Isabel Behncke is a primatologist at Oxford University. The aim of her work is to discover how can our evolutionary past help us understand human social behaviour – and how can we apply this knowledge to improve human well being. She is particularly interested in the mechanisms which provide the foundation for the ability to adapt to an ever-changing world, and in particular the role of relationships in this process. Her most recent project involved studying the social behaviour of a community of wild bonobos with whom she spent three years in the depths of DR Congo tropical jungle. Bonobos are, together with chimpanzees, our closest evolutionary relatives, and previously unknown aspects of their lives have cast our own identity into a fundamentally new light. Her work shows that bonobos life-long playfulness contributes to their remarkable cohesive, tolerant and socially sophisticated societies.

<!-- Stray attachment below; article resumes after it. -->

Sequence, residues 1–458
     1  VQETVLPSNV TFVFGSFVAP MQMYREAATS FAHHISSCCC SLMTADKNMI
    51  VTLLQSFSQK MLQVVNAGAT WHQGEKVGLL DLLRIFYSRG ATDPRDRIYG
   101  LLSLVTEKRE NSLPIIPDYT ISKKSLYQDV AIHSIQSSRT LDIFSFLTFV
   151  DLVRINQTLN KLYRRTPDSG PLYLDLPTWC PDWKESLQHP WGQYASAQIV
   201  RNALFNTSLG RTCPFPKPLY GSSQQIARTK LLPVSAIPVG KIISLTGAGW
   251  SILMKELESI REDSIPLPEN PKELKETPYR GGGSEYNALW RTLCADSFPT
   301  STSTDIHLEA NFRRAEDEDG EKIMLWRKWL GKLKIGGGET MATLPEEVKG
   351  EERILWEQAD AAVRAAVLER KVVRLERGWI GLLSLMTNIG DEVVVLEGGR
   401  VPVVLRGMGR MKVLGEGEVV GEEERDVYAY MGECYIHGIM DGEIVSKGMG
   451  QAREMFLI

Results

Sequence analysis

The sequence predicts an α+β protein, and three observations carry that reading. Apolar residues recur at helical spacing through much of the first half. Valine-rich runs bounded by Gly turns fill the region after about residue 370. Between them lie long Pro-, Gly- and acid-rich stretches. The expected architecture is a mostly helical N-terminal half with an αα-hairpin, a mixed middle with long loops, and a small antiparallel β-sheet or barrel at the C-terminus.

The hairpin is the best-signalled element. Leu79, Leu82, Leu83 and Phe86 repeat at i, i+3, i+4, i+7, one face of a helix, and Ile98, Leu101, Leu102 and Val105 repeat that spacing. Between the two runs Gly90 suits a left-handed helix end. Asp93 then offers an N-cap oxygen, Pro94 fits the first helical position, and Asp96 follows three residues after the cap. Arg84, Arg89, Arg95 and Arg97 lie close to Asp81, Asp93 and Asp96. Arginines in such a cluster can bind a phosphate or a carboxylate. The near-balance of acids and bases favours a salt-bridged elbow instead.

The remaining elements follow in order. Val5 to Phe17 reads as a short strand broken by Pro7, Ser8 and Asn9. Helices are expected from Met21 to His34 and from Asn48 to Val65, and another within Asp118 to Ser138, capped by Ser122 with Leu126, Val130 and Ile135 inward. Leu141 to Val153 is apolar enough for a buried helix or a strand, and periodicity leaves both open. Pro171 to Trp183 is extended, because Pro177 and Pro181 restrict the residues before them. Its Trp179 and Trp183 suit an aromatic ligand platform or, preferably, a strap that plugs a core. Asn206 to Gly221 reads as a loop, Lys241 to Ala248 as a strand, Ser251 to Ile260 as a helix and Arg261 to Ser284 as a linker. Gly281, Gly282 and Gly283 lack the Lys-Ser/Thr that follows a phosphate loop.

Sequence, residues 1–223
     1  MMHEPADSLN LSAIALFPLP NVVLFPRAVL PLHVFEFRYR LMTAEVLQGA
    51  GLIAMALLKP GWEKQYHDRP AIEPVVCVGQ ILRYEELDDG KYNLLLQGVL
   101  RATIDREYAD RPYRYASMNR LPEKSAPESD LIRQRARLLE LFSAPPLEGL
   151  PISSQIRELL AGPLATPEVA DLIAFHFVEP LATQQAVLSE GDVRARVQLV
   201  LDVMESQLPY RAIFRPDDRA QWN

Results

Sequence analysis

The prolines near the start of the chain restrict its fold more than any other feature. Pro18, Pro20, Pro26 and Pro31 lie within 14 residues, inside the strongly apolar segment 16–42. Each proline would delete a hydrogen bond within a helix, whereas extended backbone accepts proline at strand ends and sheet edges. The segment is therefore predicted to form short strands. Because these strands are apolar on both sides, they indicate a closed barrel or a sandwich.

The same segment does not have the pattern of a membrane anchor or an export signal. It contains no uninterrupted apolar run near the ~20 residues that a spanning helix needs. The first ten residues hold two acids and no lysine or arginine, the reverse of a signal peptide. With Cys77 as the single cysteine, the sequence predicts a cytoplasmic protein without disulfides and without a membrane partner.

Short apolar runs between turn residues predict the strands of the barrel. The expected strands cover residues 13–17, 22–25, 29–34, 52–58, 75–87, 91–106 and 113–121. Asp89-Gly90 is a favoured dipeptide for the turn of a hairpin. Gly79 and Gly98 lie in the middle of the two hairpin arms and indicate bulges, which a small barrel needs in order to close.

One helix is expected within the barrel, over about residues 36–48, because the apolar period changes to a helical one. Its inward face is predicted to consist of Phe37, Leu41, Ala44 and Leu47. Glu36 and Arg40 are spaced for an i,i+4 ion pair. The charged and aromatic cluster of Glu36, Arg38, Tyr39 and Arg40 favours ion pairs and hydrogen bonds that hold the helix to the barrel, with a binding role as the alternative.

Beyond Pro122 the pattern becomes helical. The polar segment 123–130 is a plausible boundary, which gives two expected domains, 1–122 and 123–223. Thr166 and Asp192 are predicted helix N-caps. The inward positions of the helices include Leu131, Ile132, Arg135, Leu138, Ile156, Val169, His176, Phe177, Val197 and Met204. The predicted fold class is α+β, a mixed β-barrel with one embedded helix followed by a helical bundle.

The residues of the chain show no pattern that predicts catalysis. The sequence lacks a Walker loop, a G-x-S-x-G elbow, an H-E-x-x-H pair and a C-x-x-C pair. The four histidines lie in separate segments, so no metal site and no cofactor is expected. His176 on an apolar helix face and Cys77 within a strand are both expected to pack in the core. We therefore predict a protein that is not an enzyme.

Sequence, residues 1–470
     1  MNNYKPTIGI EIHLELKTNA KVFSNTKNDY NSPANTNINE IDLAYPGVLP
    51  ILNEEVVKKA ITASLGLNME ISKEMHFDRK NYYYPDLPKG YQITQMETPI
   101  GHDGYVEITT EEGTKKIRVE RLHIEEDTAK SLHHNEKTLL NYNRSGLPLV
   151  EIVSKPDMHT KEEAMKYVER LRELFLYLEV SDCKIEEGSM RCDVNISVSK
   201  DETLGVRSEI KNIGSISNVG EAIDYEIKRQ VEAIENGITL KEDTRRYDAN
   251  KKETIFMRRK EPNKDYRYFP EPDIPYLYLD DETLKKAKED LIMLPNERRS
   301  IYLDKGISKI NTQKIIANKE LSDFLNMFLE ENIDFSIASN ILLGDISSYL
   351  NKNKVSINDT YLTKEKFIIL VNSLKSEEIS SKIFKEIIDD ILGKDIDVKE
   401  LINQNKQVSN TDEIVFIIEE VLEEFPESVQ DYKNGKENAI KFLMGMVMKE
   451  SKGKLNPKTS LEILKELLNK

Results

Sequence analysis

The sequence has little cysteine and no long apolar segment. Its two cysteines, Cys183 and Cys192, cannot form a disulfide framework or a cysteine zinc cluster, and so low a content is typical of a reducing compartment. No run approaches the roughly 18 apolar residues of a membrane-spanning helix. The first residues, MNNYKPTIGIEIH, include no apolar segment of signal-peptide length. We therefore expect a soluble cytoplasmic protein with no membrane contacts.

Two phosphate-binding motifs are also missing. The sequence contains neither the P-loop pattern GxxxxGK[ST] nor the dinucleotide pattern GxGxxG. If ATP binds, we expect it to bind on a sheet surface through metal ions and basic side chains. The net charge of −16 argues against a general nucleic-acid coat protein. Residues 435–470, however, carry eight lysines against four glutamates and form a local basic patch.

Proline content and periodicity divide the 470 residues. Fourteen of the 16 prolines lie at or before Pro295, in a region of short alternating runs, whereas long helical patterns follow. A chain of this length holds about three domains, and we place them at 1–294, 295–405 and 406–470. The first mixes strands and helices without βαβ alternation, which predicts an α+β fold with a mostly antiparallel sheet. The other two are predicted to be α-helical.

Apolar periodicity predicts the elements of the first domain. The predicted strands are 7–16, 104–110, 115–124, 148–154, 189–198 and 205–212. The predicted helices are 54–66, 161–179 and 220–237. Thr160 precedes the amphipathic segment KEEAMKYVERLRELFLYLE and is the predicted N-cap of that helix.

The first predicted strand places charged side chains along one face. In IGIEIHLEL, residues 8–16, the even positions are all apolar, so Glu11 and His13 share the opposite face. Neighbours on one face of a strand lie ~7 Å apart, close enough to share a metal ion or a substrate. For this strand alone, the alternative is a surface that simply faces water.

She has an honours BSc in Zoology and a MSc in Conservation biology from University College London (UCL), after which she worked to help set up private parks in the temperate rainforest of southern Chile. Then she went back to the UK to earn an MPhil with distinction from Cambridge University in Human Evolution, after which she moved to Oxford for her doctorate work with Robin Dunbar.

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